In conjunction with the American Diabetes Association Scientific Sessions conference held in San Francisco earlier this month (June 2019), the ADA released online an ahead-of-print summary (June 8, 2019) regarding using continuous glucose monitor or CGM data to affect better outcomes for people with diabetes.
Here’s the introduction from the summary.
Improvements in sensor accuracy, greater convenience and ease of use, and expanding reimbursement have led to growing adoption of continuous glucose monitoring (CGM). However, successful utilization of CGM technology in routine clinical practice remains relatively low. This may be due in part to the lack of clear and agreed-upon glycemic targets that both diabetes teams and people with diabetes can work toward. Although unified recommendations for use of key CGM metrics have been established in three separate peer-reviewed articles, formal adoption by diabetes professional organizations and guidance in the practical application of these metrics in clinical practice have been lacking. In February 2019, the Advanced Technologies & Treatments for Diabetes (ATTD) Congress convened an international panel of physicians, researchers, and individuals with diabetes who are expert in CGM technologies to address this issue. This article summarizes the ATTD consensus recommendations for relevant aspects of CGM data utilization and reporting among the various diabetes populations.
I’ve long been a proponent of using diabetes data to guide and inform the tactics I use to rein in the inherent metabolic chaos that is diabetes. I realize that my interest in data is not shared with all people in our community but my experience and success convinces me that it’s a worthwhile resource.
I regularly monitor my Dexcom CGM data and will often examine the 14-day Ambulatory Glucose Profile (AGP) report found within the Dexcom Clarity software. The AGP helps me make adjustments to my insulin to carb ratios (I:C) and insulin sensitivity factors (ISF).
As Sugar Surfing’s Stephen Ponder reminds us, diabetes is a dynamic disease. It changes all the time and this is what makes managing it so difficult. Managing diabetes with a static mindset will test your sanity! Once a person with diabetes accepts this reality, you can develop ways to manage this moving target.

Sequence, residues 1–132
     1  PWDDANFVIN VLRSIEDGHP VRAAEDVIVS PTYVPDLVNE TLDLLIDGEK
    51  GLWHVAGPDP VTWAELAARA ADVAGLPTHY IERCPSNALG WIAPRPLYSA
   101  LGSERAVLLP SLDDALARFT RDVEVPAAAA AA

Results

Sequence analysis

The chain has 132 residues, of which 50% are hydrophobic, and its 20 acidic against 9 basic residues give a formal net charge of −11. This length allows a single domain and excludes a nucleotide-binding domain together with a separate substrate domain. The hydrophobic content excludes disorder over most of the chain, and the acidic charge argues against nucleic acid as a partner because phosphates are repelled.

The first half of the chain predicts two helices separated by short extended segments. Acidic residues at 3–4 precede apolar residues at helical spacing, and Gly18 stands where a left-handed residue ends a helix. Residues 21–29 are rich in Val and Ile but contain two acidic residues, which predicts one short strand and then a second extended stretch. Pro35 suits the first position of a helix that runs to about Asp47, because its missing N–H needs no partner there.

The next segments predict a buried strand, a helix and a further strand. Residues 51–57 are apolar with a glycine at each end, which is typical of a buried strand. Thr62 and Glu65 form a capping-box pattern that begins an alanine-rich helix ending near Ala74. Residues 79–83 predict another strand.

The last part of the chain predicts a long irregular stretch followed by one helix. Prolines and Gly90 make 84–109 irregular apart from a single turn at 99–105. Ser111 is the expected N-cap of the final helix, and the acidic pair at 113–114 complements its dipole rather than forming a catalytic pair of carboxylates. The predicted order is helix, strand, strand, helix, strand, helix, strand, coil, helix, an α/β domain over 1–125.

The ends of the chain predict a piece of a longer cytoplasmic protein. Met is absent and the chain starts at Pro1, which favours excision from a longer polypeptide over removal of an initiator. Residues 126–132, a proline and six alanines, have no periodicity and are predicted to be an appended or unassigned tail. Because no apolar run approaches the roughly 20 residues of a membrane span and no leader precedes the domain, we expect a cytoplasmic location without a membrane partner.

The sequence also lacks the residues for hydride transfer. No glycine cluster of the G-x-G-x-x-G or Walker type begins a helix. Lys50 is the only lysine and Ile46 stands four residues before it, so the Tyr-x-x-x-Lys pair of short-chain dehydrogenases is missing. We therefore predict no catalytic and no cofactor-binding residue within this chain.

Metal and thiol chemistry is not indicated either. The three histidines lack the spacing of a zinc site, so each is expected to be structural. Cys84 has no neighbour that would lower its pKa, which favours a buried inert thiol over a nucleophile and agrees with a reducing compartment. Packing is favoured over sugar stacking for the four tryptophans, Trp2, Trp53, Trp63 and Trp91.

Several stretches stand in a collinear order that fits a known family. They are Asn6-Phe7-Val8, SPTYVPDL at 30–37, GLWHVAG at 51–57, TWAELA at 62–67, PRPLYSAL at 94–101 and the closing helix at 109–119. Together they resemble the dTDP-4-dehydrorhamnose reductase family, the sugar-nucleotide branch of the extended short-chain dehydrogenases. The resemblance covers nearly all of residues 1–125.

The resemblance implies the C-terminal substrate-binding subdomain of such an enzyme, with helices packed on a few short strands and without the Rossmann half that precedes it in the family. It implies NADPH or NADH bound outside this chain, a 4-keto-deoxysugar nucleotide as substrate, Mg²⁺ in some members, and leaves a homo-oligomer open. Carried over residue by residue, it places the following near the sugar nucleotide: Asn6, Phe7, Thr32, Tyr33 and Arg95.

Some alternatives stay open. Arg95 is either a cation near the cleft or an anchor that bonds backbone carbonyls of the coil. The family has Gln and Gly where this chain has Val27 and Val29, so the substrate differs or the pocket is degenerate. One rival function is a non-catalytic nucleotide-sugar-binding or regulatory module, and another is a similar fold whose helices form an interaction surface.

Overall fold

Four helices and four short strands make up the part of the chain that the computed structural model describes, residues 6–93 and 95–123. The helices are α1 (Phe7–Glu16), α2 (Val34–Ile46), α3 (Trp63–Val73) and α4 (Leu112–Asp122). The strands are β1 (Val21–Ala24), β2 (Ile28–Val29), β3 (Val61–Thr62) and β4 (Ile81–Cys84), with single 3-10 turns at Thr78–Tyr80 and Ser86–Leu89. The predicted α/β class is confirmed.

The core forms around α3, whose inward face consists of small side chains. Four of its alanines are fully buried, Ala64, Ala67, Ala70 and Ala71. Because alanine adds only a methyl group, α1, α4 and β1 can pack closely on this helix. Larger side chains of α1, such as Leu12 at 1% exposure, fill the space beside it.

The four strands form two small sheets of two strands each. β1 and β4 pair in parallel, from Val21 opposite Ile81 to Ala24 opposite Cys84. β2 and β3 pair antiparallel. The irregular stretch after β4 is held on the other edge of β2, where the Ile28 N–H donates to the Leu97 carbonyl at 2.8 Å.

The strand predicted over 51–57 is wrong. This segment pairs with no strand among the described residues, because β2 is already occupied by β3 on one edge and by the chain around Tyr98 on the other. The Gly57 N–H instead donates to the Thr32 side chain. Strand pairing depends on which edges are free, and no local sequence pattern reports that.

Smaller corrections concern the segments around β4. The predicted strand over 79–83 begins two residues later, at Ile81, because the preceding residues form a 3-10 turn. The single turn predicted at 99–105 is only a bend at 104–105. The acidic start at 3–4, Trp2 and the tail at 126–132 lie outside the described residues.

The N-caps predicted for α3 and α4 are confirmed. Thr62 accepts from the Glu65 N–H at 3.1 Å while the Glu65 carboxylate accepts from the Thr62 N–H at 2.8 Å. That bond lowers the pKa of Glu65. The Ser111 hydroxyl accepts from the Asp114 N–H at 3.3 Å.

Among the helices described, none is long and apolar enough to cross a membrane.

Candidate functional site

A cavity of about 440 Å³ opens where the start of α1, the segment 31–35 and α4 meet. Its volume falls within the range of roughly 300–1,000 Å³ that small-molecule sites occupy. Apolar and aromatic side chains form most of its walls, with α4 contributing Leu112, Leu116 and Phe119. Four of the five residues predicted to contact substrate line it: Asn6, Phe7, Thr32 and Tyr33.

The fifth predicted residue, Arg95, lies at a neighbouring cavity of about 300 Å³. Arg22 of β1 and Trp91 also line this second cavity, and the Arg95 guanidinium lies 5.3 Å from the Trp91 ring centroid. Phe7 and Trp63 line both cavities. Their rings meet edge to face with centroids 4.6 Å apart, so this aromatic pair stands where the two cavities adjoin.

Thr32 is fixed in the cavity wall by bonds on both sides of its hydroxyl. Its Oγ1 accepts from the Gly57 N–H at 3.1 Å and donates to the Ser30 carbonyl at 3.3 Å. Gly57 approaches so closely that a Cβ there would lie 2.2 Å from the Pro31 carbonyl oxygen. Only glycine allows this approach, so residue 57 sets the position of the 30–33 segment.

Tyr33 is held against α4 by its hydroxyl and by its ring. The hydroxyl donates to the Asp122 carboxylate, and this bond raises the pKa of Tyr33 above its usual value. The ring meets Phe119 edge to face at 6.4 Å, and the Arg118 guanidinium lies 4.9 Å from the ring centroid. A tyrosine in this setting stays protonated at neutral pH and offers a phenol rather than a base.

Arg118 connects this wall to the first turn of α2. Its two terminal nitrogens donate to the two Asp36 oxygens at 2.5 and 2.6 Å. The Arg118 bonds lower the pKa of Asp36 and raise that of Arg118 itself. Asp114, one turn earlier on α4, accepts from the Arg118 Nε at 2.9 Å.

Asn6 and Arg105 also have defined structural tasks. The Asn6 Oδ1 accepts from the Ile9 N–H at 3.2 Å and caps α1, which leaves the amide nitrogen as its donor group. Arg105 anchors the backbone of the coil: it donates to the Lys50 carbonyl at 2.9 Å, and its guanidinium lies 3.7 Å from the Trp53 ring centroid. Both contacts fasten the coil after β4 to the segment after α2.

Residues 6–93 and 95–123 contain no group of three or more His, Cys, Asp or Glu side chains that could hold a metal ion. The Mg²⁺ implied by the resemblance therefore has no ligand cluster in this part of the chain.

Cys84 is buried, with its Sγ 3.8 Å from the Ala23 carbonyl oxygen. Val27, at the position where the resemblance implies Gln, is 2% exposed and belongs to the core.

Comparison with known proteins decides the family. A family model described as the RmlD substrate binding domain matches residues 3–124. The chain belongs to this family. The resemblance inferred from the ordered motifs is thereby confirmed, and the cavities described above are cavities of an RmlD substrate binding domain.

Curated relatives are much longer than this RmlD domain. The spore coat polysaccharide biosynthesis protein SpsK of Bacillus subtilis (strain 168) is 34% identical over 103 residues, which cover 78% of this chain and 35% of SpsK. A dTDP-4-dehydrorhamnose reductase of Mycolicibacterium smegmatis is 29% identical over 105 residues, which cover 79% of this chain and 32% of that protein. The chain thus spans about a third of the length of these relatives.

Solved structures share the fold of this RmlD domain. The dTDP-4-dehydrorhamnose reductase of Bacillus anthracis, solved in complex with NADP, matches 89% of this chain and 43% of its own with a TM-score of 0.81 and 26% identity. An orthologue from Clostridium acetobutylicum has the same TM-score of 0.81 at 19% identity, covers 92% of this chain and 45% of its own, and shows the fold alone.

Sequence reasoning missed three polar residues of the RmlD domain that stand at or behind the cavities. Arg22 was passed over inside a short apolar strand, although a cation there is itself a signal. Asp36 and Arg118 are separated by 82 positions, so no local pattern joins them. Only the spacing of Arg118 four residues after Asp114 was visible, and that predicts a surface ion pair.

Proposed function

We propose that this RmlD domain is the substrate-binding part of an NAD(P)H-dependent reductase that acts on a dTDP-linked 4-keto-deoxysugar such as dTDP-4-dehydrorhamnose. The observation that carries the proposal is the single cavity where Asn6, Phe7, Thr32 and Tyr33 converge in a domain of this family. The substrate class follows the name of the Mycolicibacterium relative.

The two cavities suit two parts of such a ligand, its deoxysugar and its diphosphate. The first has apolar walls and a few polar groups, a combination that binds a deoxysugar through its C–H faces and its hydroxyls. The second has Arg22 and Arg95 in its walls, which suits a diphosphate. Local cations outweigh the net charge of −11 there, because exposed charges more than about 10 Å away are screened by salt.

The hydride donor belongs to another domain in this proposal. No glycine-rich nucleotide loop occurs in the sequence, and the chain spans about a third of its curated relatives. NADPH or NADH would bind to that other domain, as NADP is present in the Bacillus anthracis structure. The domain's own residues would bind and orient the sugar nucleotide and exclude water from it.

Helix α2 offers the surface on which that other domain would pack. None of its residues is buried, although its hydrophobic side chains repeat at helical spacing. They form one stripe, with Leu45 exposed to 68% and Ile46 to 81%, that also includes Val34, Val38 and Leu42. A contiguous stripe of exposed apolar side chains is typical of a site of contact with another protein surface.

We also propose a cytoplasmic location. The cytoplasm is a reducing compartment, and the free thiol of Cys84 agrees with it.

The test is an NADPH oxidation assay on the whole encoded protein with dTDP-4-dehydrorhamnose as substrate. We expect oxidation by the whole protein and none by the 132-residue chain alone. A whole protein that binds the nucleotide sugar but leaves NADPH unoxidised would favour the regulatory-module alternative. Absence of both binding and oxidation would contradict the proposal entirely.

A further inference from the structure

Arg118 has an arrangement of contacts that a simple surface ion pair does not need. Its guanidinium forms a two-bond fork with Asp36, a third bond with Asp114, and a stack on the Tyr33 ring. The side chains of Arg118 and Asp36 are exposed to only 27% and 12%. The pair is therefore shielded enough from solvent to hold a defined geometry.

One fundamental personal truth I hold is that merely watching data on a regular basis will subconsciously increase my motivation to improve that data. Not sure if this works for everyone but it certainly does for me.
The whole report is worth reading but there are a few things that caught my eye. The consensus for this group set the glucose limits for the time in range statistic at 70-180 mg/dL (3.9-10 mmol/L) for people with type 1 and type 2 diabetes.
Interestingly, this panel chose lower, more aggressive targets, for diabetes management during pregnancy. For this cohort the consensus set glycemic targets at 63-140 mg/dL (3.5-7.8 mmol/L). I find this of interest since I set my targets at 65-140 mg/dL (3.6-7.8 mmol/L). I do not become hypo symptomatic until I reach 65 mg/dL (3.6), so I use that as my personalized lower limit.
The report noted that personalizing this target range is appropriate.
It was agreed that CGM-based glycemic targets must be personalized to meet the needs of each individual with diabetes.
Many of you know about my recent discovery of the effects on the A1c number of iron deficiency anemia. I puzzled for many years wondering why my A1c number consistently floated about 0.5% above the number predicted by my CGM data. I questioned several endocrinologists about why this was happening and heard no answers.
It wasn’t until recently, when I discovered that the iron levels in my blood were low, that I put 2 and 2 together and realize that that was the reason for my skewed A1c. This report also noted that the A1c did not correspond accurately with glycemic exposure for all people with diabetes. Once I started to supplement with iron, my A1c measured within 0.1% of the CGM predicted number.
Moreover, certain conditions such as anemia (37), hemoglobinopathies (38), iron deficiency (39), and pregnancy (40) can confound A1C measurements. Importantly, as reported by Beck et al. (41), the A1C test can fail at times to accurately reflect mean glucose even when none of those conditions are present.
Even given these A1c/glycemic exposure discordances, the group affirmed the importance of the A1c number and sees CGM data as a strong complement that people with diabetes can use to increase their positive health outcomes.
Finally the consensus report makes this conclusion.
This information allows people with diabetes to optimize dietary intake and exercise, make informed therapy decisions regarding mealtime and correction of insulin dosing, and, importantly, react immediately and appropriately to mitigate or prevent acute glycemic events (87–89).
I wholeheartedly agree with this and hope that clinical practitioners make an effort to understand these metrics and help persuade their patients about the utility of this data.
If you want to take your management of diabetes using a CGM beyond the realtime benefit of out-of-range alarms, you may want to consider the ideas presented in this paper. My attention to this data detail greatly improves my quality of life and keeps metabolic mayhem at a minimum.
What do you think?